When I joined the Gloucestershire Constabulary on Monday September 7th 1931 Headquarters were at Holland house, a town mansion standing in its own grounds in Lansdown Road Cheltenham.
The Chief Constable, Major F.L. Stanley Clarke and the Deputy Chief Constable Superintendent Joseph Goulder lived in flats in the main building. In the basement were the kitchen and dining room used by the recruits and the remainder of the building was used by the administrative staff who were supervised by Superintendent Arthur Sainsbury. The staff consisted of Sergeant Albert Carter later Assistant Chief Constable, 4 constables, 2 lady civilians and 1 cadet. There were also the 2 orderlies of the Chief and Deputy Chief Constable.
Headquarters Criminal Investigation Department was Detective Inspector Jimmy Green and the training branch was Sergeant A Hancock later Detective Chief Superintendent. There were neither traffic nor Communications departments nor any police motor vehicles attached to Headquarters.
The hours of duty of the staff were 9 a.m. to 5 p.m. weekdays only. Headquarters were closed for the remainder of each day and all day on Sunday.
The training department occupied buildings about 60 yards to the rear of the main building and abutted onto a lane at the side of the premises. On the outside of the double doors leading from the lane into the buildings was a notice “females not allowed past these doors.” In a two storey brick building were 16 cubicles each containing a bed and chair but no floor covering, curtains or other furniture. The ablutions block and the main lecture room an old army hut led off a passage at the end of the cubicle block.
Sergeant Hancock lived in a house adjoining these buildings.
Of our class of 12 recruits only 7 reached retirement and 2 have since died. Those left are Jim Burchill, Reg Hale, Fred Jennings, Wally Horton and myself. The uniform numbers issued reached only 416 so four new numbers 417, 418, 419 and 420 were issued to cover the remainder of our class. Uniform was issued by date and not requirement and included knickerbockers and leather leggings for winter wear.
Our first task was to scrub out our quarters which had not been occupied for 10 months. We employed and paid a cook 25 shillings each per week who supplied us with three meals a day Monday to Friday and 2 meals on Saturday.
Monday to Friday we did physical training, jujitsu and first aid and we received lectures on Law and police procedure. Our text book was “the Police Code”. Saturday morning we scrubbed out our quarters.
We attended Cheltenham petty sessions and did duty at Gloucester Quarter Sessions and Assizes, Cheltenham races and General Election duty at Gloucester Guildhall.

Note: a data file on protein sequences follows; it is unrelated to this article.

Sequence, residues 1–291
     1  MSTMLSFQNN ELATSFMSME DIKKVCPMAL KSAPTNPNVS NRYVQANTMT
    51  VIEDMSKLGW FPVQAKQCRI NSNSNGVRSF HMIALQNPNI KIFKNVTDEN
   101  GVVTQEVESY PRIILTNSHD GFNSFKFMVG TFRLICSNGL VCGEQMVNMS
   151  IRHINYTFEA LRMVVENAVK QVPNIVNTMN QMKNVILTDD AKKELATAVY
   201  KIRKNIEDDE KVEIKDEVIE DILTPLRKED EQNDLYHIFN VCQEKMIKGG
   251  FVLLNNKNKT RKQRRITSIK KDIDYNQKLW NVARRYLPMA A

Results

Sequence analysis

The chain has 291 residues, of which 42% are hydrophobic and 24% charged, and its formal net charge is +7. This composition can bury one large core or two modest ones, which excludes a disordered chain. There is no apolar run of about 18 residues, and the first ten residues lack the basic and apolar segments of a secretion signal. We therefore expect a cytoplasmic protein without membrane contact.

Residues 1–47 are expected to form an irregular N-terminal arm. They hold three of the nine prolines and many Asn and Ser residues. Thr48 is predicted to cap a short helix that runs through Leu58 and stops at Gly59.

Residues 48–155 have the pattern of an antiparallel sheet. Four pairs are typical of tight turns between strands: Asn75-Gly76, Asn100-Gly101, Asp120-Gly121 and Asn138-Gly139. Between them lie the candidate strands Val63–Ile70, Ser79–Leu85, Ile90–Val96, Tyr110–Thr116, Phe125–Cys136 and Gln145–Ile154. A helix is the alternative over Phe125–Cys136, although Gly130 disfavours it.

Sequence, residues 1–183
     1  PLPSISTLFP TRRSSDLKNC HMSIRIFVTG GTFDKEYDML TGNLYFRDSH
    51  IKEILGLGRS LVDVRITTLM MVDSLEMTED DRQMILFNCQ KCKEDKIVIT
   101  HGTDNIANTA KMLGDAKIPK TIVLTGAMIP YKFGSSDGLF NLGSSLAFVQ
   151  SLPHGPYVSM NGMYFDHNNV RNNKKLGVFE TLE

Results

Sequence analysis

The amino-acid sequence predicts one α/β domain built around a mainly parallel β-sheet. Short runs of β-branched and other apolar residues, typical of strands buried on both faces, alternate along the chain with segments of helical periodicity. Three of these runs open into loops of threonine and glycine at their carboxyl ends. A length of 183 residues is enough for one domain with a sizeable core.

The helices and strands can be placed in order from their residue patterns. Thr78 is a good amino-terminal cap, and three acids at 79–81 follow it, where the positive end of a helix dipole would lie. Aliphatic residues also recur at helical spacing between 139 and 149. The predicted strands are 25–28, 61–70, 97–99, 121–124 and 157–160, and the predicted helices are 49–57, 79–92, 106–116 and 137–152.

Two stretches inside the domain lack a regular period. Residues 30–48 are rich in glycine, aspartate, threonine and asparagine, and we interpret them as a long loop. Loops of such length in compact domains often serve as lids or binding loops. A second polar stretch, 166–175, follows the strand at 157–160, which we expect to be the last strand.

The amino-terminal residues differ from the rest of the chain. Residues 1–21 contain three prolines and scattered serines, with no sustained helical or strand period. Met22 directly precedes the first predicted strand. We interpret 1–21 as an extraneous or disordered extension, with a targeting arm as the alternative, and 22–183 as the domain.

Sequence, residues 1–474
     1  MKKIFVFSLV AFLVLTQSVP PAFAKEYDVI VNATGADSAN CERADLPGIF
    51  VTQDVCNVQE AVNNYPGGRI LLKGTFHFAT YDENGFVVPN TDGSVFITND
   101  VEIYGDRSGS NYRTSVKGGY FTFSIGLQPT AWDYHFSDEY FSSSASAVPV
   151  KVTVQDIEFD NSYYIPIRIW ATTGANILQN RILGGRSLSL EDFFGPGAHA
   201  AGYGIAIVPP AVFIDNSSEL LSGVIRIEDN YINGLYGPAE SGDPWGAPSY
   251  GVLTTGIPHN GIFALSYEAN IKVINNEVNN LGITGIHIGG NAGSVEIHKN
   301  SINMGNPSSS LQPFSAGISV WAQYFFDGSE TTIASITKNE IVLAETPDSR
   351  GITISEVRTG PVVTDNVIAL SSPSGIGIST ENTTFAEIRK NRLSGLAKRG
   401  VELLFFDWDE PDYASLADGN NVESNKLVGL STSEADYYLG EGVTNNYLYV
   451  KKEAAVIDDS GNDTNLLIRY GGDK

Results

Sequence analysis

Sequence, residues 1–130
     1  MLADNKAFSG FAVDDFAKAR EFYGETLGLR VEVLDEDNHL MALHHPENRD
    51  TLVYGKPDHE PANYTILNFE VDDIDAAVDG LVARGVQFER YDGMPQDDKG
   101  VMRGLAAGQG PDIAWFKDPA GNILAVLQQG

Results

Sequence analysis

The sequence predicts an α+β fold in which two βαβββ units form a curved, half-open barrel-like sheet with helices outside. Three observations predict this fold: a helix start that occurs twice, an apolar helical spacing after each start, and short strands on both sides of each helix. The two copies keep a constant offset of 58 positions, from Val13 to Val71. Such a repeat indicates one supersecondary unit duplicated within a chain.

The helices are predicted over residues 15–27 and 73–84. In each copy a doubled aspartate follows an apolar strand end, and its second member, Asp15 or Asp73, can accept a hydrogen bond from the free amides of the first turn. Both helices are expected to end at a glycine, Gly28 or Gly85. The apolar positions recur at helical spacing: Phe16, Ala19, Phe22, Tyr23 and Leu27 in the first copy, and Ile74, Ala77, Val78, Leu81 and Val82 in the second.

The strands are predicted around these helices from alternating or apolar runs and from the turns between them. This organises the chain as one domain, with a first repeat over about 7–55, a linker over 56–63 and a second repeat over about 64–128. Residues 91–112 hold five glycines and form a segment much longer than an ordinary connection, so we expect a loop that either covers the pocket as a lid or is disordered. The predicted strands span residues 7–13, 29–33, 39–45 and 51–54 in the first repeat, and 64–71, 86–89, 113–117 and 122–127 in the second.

Our pay was £3/10/0d per week rising in 10 years to £4/10/0d plus 1/- weekly boot allowance. Three weeks after joining, owing to the National Crisis our pay was cut by 10% and superannuation contributions were doubled to 5%. New recruits had a lower rate of pay which took 12 years to reach the £4/10/0 level. (I cannot see this being accepted today.)
At the end of three months training and having passed our examinations we were dispersed to our allotted station. Those of us travelling to Gloucester did so in a canvas topped lorry seated on our uniform boxes and were taken onto Stroud in the one and only police car.
On December 1st 1931 the headquarters of D Division which stretched from Sharpness to Bisley was at Stroud.
Superintendent Welshman was in charge. There was also Inspector Pugh, Patrol Sergeant Dowdeswell and 12 constables including one at Summer Street Station. The divisional and general office staff was Sergeant Moulding and Constable Ben Crouch. The Criminal Investigation Department was Detective Constable Victor Tuffley and the motor patrol section covering the whole of the division was one motor car driven by Constable Leonard Levall and a solo motor cycle ridden by Constable Morton Fluck. There was also Woman Police Constable Bennett. The patrol constables included William (Banger) Yates a real old timer.
There were three of us single men living in the station George Payne, Stanley Long (who joined with me) and myself. We made our own meals at the station except at midday when a cooked dinner costing 1/- could be obtained at a café in Gloucester Street.
The station building was an awful place to work with steps and stairs everywhere and was very dark in which to work. No patrol constable was allowed to use the front entrance but was relegated to using the side door.
Point duty was done at the Town Time cross roads and the first constable on duty each day at 9 am carried up a mat to stand on. The constable on 4p.m. to Midnight duty patrolled on foot to Slad village and returned via Stream’s Pitch to the top of the town and back to the station at 8 p.m. the sergeant checked this kind of patrol without making “a meet” on the beat by issuing the constable with a check ticket to be left at the farthest point of the beat. The sergeant later collected these tickets and checked them with the duplicate that he retained.
I left Stroud for a Refresher course at Headquarters after which I was transferred to Cheltenham Central Station on May 13th 1932.